I just finished Amanda Palmer’s book The Art of Asking1, and it was wonderful.

It has been on my reading list for a while, because I knew her from my more active Twitter phase several years ago,2 and because I heard great things about the book. I wasn’t terribly interested in what I thought was the topic, so I didn’t read it right away. I was wrong, and to repeat myself, it was wonderful. I’m not even sure exactly why, it just was.

I didn’t know it at the time, but this is definitely in the category of what I call an empathy book. I’ve previously talked about my empathy efforts, as they relate to travel and considering other cultures, but I also like to seek out books about people who are completely different from me. So far, this has most often meant an artist of some sort.3 Another prime example of a book in this vein is I’m Your Man  about Leonard Cohen.

As I read books about artists, I try to figure out how their minds work. I think I see familiar aspects, so the difference seems to be one of degree, rather than of kind. I often find myself feeling emotional, but artists seem to feel everything. I like to think I am introspective, but artists seem to always consider what something means.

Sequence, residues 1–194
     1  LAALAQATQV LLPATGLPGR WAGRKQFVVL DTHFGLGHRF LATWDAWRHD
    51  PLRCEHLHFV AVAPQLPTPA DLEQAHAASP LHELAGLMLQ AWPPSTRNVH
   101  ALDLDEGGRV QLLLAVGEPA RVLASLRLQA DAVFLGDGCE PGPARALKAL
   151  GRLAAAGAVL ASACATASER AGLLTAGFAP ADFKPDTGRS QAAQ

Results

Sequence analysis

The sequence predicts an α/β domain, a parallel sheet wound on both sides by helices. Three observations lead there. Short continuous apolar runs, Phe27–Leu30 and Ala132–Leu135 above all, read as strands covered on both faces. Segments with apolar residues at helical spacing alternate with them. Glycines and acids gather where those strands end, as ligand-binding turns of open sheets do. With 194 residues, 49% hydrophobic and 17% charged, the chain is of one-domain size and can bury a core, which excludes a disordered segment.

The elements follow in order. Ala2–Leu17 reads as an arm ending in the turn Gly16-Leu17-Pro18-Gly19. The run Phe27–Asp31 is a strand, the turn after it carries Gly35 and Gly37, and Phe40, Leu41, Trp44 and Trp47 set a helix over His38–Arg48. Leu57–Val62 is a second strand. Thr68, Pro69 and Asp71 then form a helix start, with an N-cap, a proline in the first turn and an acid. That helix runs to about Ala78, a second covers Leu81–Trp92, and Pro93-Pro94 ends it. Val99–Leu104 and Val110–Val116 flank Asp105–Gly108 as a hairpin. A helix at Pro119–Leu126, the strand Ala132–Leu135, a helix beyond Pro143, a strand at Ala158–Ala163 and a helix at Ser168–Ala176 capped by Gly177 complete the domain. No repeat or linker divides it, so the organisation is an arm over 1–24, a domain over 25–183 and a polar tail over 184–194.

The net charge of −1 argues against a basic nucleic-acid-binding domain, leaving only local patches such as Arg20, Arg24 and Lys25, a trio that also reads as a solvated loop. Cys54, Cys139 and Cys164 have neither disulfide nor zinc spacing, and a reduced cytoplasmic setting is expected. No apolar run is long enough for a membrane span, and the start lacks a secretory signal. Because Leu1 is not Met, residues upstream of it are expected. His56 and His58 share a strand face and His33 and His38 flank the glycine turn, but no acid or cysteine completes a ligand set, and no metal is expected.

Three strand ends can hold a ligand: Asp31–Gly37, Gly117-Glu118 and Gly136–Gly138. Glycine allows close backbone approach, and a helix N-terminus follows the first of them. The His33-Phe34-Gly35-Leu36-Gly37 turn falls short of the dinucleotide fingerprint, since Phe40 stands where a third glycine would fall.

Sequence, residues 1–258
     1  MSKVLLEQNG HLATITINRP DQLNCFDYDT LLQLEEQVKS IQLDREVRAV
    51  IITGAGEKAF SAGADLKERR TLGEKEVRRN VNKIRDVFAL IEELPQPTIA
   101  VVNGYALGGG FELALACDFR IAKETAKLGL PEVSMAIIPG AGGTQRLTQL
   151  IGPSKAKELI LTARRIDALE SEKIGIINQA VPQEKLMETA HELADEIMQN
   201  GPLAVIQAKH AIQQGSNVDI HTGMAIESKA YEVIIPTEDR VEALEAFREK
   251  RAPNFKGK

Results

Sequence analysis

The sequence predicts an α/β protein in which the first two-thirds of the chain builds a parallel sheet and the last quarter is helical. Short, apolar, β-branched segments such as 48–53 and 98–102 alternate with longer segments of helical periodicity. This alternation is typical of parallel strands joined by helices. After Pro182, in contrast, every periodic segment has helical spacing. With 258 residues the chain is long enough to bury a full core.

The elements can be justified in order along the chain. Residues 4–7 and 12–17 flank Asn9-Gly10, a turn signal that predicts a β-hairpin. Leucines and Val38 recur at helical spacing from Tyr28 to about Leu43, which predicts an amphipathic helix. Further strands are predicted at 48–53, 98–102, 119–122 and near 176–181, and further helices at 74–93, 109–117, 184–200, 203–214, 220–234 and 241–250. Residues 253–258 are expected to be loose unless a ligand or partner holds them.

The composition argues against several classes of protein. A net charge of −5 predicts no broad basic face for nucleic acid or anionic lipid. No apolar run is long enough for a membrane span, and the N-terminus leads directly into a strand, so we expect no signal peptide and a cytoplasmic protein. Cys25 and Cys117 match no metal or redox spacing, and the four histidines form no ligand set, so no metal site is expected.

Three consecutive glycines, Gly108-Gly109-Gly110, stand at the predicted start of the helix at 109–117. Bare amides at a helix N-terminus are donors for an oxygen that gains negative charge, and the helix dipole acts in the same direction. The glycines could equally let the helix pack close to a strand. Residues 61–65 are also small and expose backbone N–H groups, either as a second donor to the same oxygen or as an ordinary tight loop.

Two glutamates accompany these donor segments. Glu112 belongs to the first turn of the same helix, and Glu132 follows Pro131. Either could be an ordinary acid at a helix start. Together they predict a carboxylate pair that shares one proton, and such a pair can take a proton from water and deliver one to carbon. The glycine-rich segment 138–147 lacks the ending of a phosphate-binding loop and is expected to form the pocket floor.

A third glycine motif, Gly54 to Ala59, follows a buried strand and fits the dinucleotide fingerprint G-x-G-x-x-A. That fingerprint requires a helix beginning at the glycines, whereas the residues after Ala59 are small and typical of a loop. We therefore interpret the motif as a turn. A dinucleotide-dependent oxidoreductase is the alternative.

I think the highest form of art is finding the wonder in the mundane, but this requires internal sensitivity to be set very high. We need a bright light to see fine detail, but too much bright light hurts our eyes. I wonder if the stereotypical tortured artist can’t turn off this enhanced view of the world. I wonder if they are unable to detach.

I’m sure I won’t ever really know, but that is why I want to read books from other perspectives. I fear I might otherwise think something is weird, instead of just different or unfamiliar. No part of life is made richer by caricaturing what we don’t understand.

I want to fight this natural instinct.

  1. This link is for the Audible book, but the MP3 CD might be cheaper. Regardless, I think this book is best heard in Palmer’s own voice, and it also includes her music at just the right times. ↩︎

  2. This was around when she married Neil Gaiman, had her record-breaking Kickstarter, and gave the TED Talk that led to this book. ↩︎

  3. Perhaps the perfect combination of both worlds is Mao’s Last Dancer↩︎